Inspirational and motivational quotes are incredibly common. It’s hard to scroll through my social media feeds without seeing at least one pretty image overlayed with a positive message. People love them. If you post an inspirational saying, you’ll probably get a lot of likes and reposts.
But there’s a significant problem with the majority of these, and I want to take some time to dig out the core philosophy behind a lot of inspirational quotes.
It’s a philosophy that needs to be broken down and revealed for what it is, because the reality is that a lot of these sayings are based on lies.
And I don’t care how “inspirational” it is, a lie is still a lie.
And at some point, if you invest your hopes and dreams into lies, if you push forward and build your future on a twisted foundation, your world will shatter around you, and you’ll find yourself broken, wondering where you went wrong.
And the number of likes and shares I see on these types of posts tells me that a lot of people have invested themselves into a false reality.
I firmly believe that it is better to acknowledge the darkness around you, than to parade around in it holding a picture of a lit candle.
And with all of that being said, if you aren’t afraid to tread forward with me, let’s look into this together.
“Don’t worry, everything is going to be alright.”
“Everything is going to be fine.”
“Things will get better, I know it.”
“Don’t worry – there’s always a light at the end of the tunnel.”
These are well-meaning statements. They are meant to comfort and to encourage in dark times. To give hope and motivation when we feel hopeless and incapable of meaningful action.
These – and the majority of the inspirational sayings I see – are rooted in the belief that, at some point, an individual’s state in life will improve.
These statements imply (and rely on) a belief in a certain universal “truth”: that things do, eventually, get better. You just have to make it until you get there.
So the question is: Is this “truth” reliable?
In order for this belief to be defensible, for it and its many-faceted expressions to be confidently shared with the masses with integrity, this truth must be universal. “Things eventually get better” must be rooted in an unbreakable law of the universe. Otherwise, we are stating something as fact that is only a possibility – a possibility with odds of success and failure that we do not know.
Is “things are going to get better” a law of the universe?
Well, to give the answer before the reasons, no. It’s not.
There is no universal law in place that says, “When things get bad, there must be a turnaround.” We can hope that a turnaround happens, but there is nothing in place to guarantee that for everyone – or even for the majority of people.
Does it seem like it? Does it seem like things always end up getting better? Maybe for you, they do. Maybe even for everyone around you.
But that doesn’t make it universally true.
You can’t go tell that to people who live in war-torn, impoverished countries where starvation, disease, and suffering are the beginning, middle, and end of their lives.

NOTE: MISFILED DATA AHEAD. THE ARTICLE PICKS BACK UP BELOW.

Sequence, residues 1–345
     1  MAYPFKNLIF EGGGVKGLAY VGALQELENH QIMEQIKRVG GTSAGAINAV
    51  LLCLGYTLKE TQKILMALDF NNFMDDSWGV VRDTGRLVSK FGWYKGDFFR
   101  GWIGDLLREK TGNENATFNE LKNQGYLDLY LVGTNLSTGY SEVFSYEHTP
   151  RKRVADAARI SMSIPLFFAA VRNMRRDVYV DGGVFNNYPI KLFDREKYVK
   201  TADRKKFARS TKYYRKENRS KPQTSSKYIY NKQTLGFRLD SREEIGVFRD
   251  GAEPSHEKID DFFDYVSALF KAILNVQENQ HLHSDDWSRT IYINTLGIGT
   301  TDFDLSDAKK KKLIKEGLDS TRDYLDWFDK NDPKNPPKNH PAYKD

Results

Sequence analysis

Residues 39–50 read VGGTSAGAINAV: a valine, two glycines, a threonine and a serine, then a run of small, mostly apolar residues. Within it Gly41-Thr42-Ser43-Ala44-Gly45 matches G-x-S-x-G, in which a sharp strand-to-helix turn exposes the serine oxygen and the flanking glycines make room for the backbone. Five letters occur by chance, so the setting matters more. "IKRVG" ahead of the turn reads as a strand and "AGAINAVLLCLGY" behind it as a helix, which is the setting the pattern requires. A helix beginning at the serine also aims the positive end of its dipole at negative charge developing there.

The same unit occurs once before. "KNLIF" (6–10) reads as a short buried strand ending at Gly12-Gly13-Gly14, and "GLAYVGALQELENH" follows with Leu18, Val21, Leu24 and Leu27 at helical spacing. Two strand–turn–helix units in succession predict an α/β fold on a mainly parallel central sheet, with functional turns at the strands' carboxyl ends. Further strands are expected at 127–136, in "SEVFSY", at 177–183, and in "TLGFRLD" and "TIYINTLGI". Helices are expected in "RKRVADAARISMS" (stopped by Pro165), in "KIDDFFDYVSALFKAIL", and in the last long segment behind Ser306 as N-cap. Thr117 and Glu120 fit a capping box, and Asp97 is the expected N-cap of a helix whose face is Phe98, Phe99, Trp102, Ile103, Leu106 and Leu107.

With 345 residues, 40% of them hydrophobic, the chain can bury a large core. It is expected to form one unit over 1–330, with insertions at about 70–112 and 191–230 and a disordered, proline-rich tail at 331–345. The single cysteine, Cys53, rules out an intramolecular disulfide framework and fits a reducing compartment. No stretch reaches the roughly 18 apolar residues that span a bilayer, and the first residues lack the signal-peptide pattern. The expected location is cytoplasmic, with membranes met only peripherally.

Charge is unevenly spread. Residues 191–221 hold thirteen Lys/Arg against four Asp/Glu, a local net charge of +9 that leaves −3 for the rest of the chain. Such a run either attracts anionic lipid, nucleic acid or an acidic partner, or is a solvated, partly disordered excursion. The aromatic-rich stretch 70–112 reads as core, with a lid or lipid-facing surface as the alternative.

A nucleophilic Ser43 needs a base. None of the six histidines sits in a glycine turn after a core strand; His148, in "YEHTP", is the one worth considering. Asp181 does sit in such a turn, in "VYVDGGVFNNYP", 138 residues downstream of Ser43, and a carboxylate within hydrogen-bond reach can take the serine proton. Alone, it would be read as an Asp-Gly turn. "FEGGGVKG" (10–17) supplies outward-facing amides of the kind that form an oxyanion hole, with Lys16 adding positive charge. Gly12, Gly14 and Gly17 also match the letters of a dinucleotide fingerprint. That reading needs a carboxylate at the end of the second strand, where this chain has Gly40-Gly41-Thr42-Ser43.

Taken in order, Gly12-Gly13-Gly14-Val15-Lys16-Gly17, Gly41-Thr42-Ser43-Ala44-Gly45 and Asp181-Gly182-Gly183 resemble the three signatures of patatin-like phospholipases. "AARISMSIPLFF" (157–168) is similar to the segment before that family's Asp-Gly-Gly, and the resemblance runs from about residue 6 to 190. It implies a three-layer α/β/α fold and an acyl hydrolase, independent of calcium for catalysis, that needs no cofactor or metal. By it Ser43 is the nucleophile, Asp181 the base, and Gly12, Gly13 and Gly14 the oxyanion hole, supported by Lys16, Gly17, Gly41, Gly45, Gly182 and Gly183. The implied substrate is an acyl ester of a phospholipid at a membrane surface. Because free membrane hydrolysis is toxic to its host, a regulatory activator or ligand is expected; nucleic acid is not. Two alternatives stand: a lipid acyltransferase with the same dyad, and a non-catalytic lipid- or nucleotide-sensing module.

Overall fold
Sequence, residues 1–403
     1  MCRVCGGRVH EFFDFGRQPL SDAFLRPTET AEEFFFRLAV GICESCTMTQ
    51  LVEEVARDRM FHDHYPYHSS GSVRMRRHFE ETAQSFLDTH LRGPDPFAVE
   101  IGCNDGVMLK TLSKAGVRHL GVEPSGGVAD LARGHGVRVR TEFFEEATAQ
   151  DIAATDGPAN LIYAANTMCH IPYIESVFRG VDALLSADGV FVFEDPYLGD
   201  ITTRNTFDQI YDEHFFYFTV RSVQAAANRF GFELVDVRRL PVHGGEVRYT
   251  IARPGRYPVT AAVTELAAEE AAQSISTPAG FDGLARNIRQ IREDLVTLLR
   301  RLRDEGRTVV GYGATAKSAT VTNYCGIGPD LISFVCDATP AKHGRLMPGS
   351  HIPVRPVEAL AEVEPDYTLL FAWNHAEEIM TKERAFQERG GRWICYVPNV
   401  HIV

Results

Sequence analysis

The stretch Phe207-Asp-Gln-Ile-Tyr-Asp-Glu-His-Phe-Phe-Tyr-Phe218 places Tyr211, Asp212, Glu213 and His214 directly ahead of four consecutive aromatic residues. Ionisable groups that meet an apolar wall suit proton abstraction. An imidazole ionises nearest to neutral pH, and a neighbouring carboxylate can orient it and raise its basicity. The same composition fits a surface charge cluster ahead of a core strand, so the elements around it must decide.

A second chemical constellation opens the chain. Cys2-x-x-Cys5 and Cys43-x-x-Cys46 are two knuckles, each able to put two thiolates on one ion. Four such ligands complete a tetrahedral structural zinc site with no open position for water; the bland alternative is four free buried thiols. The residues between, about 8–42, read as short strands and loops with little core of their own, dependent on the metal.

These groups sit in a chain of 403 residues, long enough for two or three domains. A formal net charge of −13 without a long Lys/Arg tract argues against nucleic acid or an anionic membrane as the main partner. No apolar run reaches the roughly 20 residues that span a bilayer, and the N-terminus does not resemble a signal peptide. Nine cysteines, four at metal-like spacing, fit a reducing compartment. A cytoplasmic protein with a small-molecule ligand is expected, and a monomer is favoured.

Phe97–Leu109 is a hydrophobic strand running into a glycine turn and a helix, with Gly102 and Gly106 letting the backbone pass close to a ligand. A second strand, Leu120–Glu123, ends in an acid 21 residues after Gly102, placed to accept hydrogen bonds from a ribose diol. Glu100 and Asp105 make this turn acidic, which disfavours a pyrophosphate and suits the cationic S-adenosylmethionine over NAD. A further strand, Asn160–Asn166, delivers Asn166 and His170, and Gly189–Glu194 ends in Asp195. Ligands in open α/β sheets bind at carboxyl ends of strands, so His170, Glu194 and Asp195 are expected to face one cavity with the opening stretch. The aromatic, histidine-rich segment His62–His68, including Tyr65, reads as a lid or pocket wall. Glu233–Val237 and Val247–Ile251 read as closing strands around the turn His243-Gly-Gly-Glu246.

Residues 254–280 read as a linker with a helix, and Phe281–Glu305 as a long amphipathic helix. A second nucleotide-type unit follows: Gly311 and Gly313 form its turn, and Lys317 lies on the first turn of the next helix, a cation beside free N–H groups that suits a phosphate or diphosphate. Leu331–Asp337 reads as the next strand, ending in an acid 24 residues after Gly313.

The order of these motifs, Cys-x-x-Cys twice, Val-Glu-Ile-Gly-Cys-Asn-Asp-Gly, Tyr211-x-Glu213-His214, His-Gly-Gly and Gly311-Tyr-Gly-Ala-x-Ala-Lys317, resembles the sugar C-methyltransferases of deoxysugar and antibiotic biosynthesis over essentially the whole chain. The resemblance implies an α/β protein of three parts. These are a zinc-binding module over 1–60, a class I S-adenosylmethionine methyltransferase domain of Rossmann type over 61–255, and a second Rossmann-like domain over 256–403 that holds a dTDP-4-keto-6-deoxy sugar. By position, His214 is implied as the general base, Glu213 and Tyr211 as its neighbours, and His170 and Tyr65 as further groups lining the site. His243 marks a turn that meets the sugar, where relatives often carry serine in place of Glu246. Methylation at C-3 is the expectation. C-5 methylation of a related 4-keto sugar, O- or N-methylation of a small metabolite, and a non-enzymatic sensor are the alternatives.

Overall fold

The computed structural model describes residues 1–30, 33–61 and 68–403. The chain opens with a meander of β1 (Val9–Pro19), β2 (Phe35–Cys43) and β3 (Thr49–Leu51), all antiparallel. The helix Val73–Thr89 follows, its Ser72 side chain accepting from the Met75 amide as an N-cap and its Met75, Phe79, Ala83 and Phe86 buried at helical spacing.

You can’t go tell that to children who live in abusive homes, whose parents won’t stop hurting them, no matter how much they want it to stop.
You can’t tell that to drug addicts, who can’t help but give themselves over to their addictions day after day, incurring cost after cost until nothing is left.
You can’t tell that to victims of sex trafficking, who are forced to “service” men over and over with no hope of deliverance on the horizon, all while wearing a painted smile.
No matter how positive your statement is, it can’t change reality.
That things “inevitably get better” is an idea that is the product of a wealthy culture where economic affluence provides easier and more common transitions out of bad situations.
Simply put, this is an idea that is indefensible on a universal scale, but it is easy to sell because of economic prosperity.
The same is true of other motivational quotes.
“Work hard and pursue your dreams. If you want it bad enough and work at it hard enough, you’ll eventually get there.”
It’s a well-meaning statement, but it is born out of a very similar “truth”: That if you put in the effort and the passion, you will reap the reward you imagine.
But nothing guarantees that.
Those statements don’t take into account economic changes or over-saturated markets. They don’t take into account demand for a person’s specific skillset or product. They don’t even take basic talent into consideration, let alone an individual’s circumstantial ability to pursue their desires. Some people are stuck where they are – and it isn’t because they aren’t trying hard enough to get out.
You see, these statements don’t know you.
None of them do!
They promise you things that words, and even actions, can’t guarantee.
And that’s reality.
Let’s not get that confused with cynicism. I’m not saying everything is hopeless.
But if we’re going to find real hope, we’re going to have to get real about what life actually is.
If we’re going to share real hope, it needs to be rooted in defensible truths of reality.
So don’t waste the precious space for hopeful things in people’s minds.
Give them something truly worth hoping in, or give them nothing.
Thoughts? Feelings? Tell me about them in the comments below! And if you’d like to keep up with my content, subscribe to my rarely used email list!